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Should You Ladder or Reinvest Certificates of Deposit

When you ladder certificates of deposit, you get high yields and reasonable access to the cash you are using. Experts believe CD laddering is the best option for building a savings portfolio that can deliver both available cash and interest income.

Laddering involves having some money available to invest – probably a good $5,000 at a minimum. Instead of putting the entire lump sum into a single certificate of deposit, you will actually put it into several that have varying maturity dates and interest rates. Laddering maximizes your certificate of deposit returns more so than simply reinvesting your money after a CD matures.

Reinvesting is when you put your investment into a one year certificate of deposit, wait for it to mature, then take the money and the interest earned and open a new CD for a year, and so on and so forth until you're ready to take the money out of CD's all together.

Laddering is when you put your money into several different CD's that mature at different dates, and when the first certificate of deposit with the shortest maturity date is reached, you use the money to open a new certificate of deposit with a longer maturity date. Each time your laddered certificates mature, you have the option of doing something else with that money, like moving into a money market account, savings account, buying stocks, or simply continuing your CD ladder by reinvesting into new certificates of deposit.

Here's an example of a conservative CD ladder with $5,000 to invest, and CD's maturing every six months (obtained from using BankRate.com's CD Ladder Calculating Tool):

  1. $500 in a 6 month CD at 4.15%.
  2. $500 in a 12 month CD at 4.4%.
  3. $500 in a 18 month CD at 4.5%.
  4. $500 in a 24 month CD at 4.51%.
  5. $500 in a 30 month CD at 4.45%.
  6. $500 in a 36 month CD at 4.75%.
  7. $500 in a 42 month CD at 4.75%.
  8. $500 in a 48 month CD at 5.05%.
  9. $500 in a 54 month CD at 5.05%.
  10. $500 in a 60 month CD at 5.25%.

When the first certificate of deposit expires after six months, you reinvest the proceeds into a new 60 month CD. When you are finished with this ladder, at the end of 60 months, the estimated value of your money is $6,390.77. This gives you $1,390.77 earned over 60 months. After the first 60 months, all of your money is invested at the highest interest rate and you will have access to a portion of it every 6 months.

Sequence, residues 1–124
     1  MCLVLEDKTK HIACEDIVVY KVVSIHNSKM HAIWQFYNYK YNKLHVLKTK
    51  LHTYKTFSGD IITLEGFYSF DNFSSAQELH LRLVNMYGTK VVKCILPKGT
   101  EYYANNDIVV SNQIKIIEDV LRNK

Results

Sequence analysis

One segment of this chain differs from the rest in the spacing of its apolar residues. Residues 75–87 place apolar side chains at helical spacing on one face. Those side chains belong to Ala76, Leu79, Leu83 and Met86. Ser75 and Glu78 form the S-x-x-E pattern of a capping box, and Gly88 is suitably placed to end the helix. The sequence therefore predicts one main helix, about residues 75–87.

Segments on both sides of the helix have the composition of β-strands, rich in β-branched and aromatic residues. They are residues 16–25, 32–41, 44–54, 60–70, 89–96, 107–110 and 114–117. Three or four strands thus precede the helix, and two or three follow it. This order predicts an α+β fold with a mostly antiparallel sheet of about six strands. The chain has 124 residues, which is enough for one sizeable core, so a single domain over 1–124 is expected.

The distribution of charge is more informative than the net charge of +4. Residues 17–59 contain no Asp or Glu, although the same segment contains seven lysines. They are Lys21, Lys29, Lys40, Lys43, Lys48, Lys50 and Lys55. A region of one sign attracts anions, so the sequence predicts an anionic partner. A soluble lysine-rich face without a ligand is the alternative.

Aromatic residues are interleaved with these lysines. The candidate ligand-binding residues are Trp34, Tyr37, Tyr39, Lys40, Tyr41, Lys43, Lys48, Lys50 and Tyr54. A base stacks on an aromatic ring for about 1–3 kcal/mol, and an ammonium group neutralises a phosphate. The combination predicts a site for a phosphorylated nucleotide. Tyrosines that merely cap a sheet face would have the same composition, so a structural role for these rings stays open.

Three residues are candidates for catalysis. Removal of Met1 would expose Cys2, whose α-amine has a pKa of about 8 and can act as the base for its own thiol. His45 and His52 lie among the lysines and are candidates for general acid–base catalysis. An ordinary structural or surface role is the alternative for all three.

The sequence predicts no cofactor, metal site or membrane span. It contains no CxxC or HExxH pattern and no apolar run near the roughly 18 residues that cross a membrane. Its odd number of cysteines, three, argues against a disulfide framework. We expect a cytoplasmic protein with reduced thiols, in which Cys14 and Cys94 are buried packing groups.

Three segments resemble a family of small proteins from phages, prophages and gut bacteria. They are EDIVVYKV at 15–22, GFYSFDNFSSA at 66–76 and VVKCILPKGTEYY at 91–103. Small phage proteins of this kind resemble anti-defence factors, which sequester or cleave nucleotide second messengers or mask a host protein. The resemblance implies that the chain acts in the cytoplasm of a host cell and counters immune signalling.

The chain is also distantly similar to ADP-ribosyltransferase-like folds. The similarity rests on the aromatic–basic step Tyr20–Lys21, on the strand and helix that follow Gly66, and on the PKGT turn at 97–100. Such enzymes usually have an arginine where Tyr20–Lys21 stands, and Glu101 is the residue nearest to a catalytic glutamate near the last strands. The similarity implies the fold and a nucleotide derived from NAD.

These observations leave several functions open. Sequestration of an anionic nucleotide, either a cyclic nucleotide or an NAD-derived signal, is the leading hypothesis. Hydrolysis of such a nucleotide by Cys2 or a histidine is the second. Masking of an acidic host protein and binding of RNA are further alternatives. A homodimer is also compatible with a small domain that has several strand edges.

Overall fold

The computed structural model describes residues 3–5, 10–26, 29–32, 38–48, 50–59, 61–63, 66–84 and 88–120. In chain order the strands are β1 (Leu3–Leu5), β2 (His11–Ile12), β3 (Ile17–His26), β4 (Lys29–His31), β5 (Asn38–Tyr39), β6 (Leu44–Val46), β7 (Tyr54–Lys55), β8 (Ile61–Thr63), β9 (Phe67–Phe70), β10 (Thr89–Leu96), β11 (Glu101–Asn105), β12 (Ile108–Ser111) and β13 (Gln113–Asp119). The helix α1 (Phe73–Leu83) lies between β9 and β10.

This is considered a conservative ladder because every six months, you technically have access to a portion of your cash as each of the certificates mature, should something go wrong and you need that money. Ideally, you would continuing laddering cd's or move into other investments as your certificates mature, to make good use of the interest you've earned.

A slightly more moderate approach to laddering your $5,000 would look something like this:

  1. $1000 in a 12 month CD at 4.4%.
  2. $1000 in a 24 month CD at 4.51%
  3. $1000 in a 36 month CD at 4.75%
  4. $1000 in a 48 month CD at 5.05%
  5. $1000 in a 60 month CD at 5.25%

When your first certificate of deposit expires after 12 months you will reinvest the proceeds in the longest term CD. The estimated value after 60 months for your $5,000 investment is: $6,401.10. You've earned $1,401.10 in 60 months with this scenario.

For an individual using a reinvestment strategy rather than laddering their $5,000:

  1. $5000 in a 12 month CD at 4.4%
  2. $5220 in a 12 month CD at 4.4%
  3. $5450 in a 12 month CD at 4.4%
  4. $5690 in a 12 month CD at 4.4%
  5. $5940 in a 12 month CD at 4.4%

Each year the investor adds the proceeds into the next certificate of deposit opened. At the end of year 5, the investor would have approximately $6,201.00, or $1,200 earned in 60 months.

Anonymous   |     |   Comment #1
Wow, how out of date are those interest rates?  Is it really a good idea to be locking in rates as low as 1 percent for a 12 month certificate?  Post date is Presidents day 2011. 
Tucson   |     |   Comment #2
Looks like your question went into a black hole.  Too bad.  I could really use some advise on what to do next with my maturing CD's. Seems like 2.25% is the max return right now.  Need better options.
flagstaff   |     |   Comment #3
as always an excellent article by debbie